Background: One of the most promising approaches to understand inhalation toxicology and to assess the potential risks of inhaled particles is to examine the disposition of the hazardous airborne particles in the monkey airway. This study presents a comparative, numerical investigation of nanoparticle deposition in the monkey and human airway models. Materials and Methods: Computational fluid dynamics (CFD) method was applied to analyze the steady flow rates under light and moderate metabolic conditions. The nanoparticles, ranging from 5 to 100 nm in diameter, were used to predict the total and regional deposition fraction in both the models. Results: The Brownian and turbulent motion significantly impacted the transportation and deposition of nanoparticles as evidenced by the large fluctuations of particle acceleration. A higher deposition efficiency was observed in the monkey model at the particle size of 25 nm or less. Nonetheless, on applying the geometric factors for combined diffusion term parameters, the total deposition fraction of both models converged into a single curve. The site-specific deposition of the particles of size 5 nm in the vestibule, valve, and nasal turbinate regions of the monkey model was observed to be greater compared to the human model. A study of the deposition curves of the particle diameter ranging from 2 nm to 10 µm showed that the highest deposition rates were associated with particles of size 2 nm and 10 µm. Conclusions: The results of this study can contribute to the research involving extrapolation of inhalation toxicology studies, from monkeys to humans.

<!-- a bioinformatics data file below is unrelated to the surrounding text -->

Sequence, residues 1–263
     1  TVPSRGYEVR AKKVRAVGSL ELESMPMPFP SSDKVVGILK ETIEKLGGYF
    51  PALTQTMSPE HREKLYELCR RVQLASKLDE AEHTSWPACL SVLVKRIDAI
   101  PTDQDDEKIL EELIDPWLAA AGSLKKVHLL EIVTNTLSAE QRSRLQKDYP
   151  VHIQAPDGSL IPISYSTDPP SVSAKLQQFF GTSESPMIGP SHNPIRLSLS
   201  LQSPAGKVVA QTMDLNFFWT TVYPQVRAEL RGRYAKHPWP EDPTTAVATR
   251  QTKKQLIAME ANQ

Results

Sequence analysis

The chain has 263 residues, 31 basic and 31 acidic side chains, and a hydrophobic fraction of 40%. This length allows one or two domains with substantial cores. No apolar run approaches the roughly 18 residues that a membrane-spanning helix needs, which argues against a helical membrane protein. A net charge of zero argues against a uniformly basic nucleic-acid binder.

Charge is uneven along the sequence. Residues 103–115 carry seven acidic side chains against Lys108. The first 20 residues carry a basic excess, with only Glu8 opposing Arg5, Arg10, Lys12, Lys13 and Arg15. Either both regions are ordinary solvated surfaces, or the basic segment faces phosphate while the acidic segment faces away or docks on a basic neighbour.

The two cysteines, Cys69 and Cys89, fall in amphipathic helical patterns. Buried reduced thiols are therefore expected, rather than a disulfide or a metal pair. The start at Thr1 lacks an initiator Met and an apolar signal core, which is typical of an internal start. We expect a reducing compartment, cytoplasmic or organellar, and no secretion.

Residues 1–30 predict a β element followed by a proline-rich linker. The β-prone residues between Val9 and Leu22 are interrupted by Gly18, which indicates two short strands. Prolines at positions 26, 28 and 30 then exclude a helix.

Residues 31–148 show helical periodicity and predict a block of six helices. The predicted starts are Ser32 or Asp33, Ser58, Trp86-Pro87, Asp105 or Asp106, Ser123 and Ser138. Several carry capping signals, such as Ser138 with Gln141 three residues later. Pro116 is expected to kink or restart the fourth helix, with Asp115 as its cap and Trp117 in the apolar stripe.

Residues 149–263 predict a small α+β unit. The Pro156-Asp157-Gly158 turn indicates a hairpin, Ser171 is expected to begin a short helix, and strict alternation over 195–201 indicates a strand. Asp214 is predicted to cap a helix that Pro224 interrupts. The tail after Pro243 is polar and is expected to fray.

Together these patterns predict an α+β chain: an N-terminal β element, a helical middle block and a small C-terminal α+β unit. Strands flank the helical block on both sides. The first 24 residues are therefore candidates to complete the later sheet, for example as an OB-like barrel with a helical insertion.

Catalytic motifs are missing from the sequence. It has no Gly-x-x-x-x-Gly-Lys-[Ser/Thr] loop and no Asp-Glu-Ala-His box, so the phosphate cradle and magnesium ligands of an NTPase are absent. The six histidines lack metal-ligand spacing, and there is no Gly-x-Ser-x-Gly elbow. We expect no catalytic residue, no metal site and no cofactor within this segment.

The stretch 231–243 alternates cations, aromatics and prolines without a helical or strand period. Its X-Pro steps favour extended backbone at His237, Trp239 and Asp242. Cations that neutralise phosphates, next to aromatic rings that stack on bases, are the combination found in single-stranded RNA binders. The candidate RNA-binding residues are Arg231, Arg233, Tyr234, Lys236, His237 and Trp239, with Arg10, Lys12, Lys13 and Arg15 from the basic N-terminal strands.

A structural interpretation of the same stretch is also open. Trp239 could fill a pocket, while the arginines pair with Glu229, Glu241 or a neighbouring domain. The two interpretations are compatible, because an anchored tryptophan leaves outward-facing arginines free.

All Science Journal Classification (ASJC) codes
- Health, Toxicology and Mutagenesis